What is Digital Signage?
Digital signage is a name given to any number of methods used to display multimedia content in public venues. Alternatively known as dynamic signage, electronic signage or narrowcasting, networks of digital signs have been deployed across numerous retail chains, banks, travel hubs and corporate headquarters to deliver informative and entertaining content to captive audiences and passers by.
In its most basic implementation, a digital sign consists of a playback device (such as a computer, VCR or DVD player) connected to a display. Depending on the application, the display might be a small LCD screen, a plasma display panel, or even a video wall composed of a number of connected screens. With a number of affordable options available, anybody with a message to send to their out-of-home audience can benefit from a digital signage installation.
Benefits of Digital Signage
Making Digital Signage Work
The concept of out-of-home messages is not new. Billboards, window treatments and point-of-purchase displays are widely used for out-of-home advertising, while bulletin boards (both traditional and electronic), flyers, faxes, memos, and email have been used to send corporate communications and educate employees for decades. However, true dynamic signs first came into popular use with the advent of in-store closed circuit television networks in the 1970s.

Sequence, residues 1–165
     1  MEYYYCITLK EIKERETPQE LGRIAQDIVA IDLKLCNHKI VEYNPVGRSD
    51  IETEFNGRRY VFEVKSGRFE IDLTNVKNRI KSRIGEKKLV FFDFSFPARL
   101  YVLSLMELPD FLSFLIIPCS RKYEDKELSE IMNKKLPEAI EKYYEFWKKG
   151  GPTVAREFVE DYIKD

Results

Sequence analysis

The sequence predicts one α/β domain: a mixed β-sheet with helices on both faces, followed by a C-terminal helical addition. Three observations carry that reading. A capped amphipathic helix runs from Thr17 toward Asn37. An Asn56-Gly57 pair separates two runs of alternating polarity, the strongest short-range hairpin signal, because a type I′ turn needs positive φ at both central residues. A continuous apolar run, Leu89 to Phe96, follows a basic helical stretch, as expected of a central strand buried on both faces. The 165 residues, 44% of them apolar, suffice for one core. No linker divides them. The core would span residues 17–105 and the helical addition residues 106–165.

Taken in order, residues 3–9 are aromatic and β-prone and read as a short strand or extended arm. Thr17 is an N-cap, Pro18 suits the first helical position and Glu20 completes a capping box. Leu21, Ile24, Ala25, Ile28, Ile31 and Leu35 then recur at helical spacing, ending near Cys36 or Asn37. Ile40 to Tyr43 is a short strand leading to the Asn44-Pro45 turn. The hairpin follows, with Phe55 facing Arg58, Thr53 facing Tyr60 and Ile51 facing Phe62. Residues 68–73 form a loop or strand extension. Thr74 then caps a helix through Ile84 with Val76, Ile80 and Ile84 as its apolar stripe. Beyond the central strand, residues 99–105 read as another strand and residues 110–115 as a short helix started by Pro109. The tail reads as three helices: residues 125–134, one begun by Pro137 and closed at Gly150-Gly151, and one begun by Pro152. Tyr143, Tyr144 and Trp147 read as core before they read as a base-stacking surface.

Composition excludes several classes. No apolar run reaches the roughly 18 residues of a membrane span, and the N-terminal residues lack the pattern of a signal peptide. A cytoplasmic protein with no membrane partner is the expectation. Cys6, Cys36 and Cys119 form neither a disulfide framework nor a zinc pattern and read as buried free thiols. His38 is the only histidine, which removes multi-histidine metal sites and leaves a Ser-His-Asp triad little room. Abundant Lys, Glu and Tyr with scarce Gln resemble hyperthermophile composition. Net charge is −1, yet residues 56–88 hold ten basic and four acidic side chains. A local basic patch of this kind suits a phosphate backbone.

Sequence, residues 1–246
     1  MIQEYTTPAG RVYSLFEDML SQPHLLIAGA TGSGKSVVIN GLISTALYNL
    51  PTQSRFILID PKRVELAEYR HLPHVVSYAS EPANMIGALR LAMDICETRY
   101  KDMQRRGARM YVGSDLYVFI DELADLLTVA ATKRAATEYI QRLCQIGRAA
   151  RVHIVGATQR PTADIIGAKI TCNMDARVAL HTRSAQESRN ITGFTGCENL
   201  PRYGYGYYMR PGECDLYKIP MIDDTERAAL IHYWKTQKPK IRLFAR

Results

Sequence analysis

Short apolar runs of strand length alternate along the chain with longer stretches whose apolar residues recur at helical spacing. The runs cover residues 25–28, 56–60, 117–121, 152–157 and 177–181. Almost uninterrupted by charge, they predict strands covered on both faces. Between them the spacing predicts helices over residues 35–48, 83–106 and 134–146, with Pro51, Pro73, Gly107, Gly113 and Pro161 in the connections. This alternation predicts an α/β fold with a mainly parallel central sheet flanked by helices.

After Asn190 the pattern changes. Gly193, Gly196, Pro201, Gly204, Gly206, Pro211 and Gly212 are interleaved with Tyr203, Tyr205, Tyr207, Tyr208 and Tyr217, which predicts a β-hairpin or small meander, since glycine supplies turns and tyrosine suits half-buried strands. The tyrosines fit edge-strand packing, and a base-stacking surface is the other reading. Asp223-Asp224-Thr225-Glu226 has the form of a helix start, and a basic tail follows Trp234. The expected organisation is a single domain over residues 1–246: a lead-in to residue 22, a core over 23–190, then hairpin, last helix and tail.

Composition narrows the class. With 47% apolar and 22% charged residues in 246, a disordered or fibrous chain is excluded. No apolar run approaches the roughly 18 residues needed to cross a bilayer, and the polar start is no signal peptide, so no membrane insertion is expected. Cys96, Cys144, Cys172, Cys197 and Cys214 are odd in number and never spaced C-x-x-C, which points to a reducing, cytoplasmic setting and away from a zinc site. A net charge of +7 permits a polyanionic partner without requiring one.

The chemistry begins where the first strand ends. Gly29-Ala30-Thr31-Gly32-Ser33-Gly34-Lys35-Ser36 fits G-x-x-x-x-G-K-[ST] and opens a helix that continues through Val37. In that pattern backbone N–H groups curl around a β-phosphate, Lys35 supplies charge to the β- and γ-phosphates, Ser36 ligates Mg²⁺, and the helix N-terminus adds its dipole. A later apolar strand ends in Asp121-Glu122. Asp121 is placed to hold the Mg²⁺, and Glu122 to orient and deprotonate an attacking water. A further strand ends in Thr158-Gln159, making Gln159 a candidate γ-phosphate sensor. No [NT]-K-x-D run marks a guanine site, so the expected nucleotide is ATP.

In recent years, several factors have combined to make digital signage a more powerful, eye-catching, and affordable display medium than ever before contributing to its widespread adoption. Key factors include the nearly ubiquitous availability of high-speed Internet access, new large format displays like plasma screens and LCD panels, and new compression formats that can compress large amounts of content into small file sizes.
A modern digital sign adds several additional components to the traditional setup described above. The controller, typically a powerful computer or media playback appliance, uses a digital connection to deliver a crisp output signal to a digital display, like a plasma screen or LCD panel. The playback device uses a digital storage medium (such as a hard drive or solid-state flash disk) to store digital content locally, ensuring smooth playback. In many cases, the device can be remotely managed over the Internet to allow for content updates, schedule changes, and compliance reporting.
In its simplest implementation, a digital signage installation includes a content stream (from a CD, DVD or the Internet), a playback device, and a display (e.g. a television, plasma display, or LCD panel).
Even the smallest digital signage networks can benefit from remote management. Aside from offsetting the costs of producing, replicating and distributing VHS tapes or DVDs, Internet connected signage devices provide network administrators with the ability to closely monitor playback, ensuring that the desired content is being displayed.
Delivering content over the Internet ensures that the content arrives and is displayed according to the proper schedule, eliminates errors in shipping and handling, and removes reliance upon on-site personnel to change tapes or DVDs (since these individuals are typically not very motivated to perform such tasks).